Your veterinarian can help you choose between the three standard types of treatment. If your cat has kidney disease, the only option is medication, since the other two treatments may worsen kidney failure and are irreversible. Look for changes in one to three weeks, and ask your veterinarian when to return for follow-up blood tests.

Radioactive iodine (I-131) treatment

When radioactive iodine is injected into a hyperthyroid cat, it destroys abnormal thyroid tissue, but it doesn’t harm the rest of the body. Advantages:
  • It cures feline hyperthyroidism in 90 percent or more of cases.
  • It’s permanent.
  • No surgery is required.
  • Cats must be isolated at a special clinic for about one to two weeks after treatment.
  • Cats must be kept away from small children and pregnant women for up to two weeks after they return home, and their litter box contents require special disposal during this period.
  • Possible side effects are decreased renal function in cats with kidney disease, and hypothyroidism.
  • It’s expensive.

Surgery to remove affected thyroid gland tissue (a thyroidectomy)

  • It requires hospitalization for only one day, and not much follow-up care.
  • It’s permanent.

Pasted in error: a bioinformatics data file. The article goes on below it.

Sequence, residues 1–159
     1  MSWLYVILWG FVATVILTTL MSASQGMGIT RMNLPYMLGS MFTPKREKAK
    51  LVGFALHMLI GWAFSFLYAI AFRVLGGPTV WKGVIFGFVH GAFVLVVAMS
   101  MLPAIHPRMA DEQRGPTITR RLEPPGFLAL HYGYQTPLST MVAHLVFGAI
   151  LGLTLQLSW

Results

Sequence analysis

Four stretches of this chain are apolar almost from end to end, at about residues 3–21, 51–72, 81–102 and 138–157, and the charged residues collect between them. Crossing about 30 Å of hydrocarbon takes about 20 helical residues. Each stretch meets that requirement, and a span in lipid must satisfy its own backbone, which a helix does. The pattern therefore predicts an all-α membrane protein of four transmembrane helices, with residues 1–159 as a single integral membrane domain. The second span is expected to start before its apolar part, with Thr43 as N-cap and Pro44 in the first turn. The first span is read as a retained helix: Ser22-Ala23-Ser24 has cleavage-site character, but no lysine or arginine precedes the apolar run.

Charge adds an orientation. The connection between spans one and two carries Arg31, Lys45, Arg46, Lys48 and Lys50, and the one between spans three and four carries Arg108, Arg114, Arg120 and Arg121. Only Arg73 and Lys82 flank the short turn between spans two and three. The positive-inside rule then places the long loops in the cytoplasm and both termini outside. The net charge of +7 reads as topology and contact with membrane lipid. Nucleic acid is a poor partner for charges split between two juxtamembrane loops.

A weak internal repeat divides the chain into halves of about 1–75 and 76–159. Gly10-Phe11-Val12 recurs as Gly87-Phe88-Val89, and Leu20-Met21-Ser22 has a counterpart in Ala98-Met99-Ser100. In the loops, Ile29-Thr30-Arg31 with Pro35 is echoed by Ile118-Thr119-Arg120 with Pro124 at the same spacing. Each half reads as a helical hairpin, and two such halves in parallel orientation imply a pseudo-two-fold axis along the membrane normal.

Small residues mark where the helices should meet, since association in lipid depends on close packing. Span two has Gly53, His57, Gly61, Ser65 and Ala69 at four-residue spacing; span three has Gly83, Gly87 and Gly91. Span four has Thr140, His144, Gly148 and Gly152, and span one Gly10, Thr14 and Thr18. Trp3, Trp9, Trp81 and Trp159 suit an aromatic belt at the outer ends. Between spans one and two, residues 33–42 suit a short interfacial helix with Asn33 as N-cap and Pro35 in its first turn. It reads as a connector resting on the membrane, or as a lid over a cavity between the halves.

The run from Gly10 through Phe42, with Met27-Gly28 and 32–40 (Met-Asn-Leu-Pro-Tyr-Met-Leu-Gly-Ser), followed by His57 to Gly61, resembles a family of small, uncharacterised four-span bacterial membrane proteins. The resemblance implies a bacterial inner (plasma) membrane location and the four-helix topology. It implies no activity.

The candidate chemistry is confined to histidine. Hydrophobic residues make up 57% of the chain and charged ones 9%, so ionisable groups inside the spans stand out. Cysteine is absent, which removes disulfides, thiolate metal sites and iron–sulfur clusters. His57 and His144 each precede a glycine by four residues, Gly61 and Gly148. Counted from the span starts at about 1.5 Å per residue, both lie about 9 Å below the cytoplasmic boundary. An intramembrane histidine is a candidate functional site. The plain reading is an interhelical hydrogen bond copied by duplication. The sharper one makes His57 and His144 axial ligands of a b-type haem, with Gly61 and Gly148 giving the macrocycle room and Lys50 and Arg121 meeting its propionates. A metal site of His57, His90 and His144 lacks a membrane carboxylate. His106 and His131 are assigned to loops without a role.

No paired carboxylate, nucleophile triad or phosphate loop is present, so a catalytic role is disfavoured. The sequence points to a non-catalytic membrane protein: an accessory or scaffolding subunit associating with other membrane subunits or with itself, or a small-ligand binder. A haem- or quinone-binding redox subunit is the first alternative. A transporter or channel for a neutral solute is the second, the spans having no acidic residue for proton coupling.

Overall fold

• No isolation is required.
  • It risks damage to the neighboring parathyroid glands.
  • Hyperthyroidism may recur even after surgery.
  • It’s expensive.

Antithyroid medication

Methimazole (brand name Tapazole) is the usual medication. Advantages:
  • Surgery or separation from your cat isn’t necessary.
  • The initial cost isn’t high.
  • It comes in pill, liquid, and gel form, so the dose is easy to titrate.
  • It must be given two or three times daily for the rest of the cat’s life.
  • It costs hundreds of dollars a year.
  • If the cat has a thyroid tumor (the most common cause of feline hyperthyroidism), the tumor may continue to grow.
  • Tapazole occasionally has (sometimes temporary) side effects, such as vomiting and appetite loss. Less common side effects include lethargy, hair loss, liver damage, anemia, bone marrow suppression, and decreased white blood cell counts.

Your role in treating your dog’s or cat’s thyroid condition

Your pets can’t describe how they’re feeling, so you’ll need to do this for them. Know the signs of both hypothyroidism and hyperthyroidism so that you’ll recognize them if your dog or cat is overtreated or undertreated. Regular blood tests will also help monitor your dog’s or cat’s thyroid condition. With adequate treatment, you can expect your hypothyroid or hyperthyroid pets to live a normal, healthy life.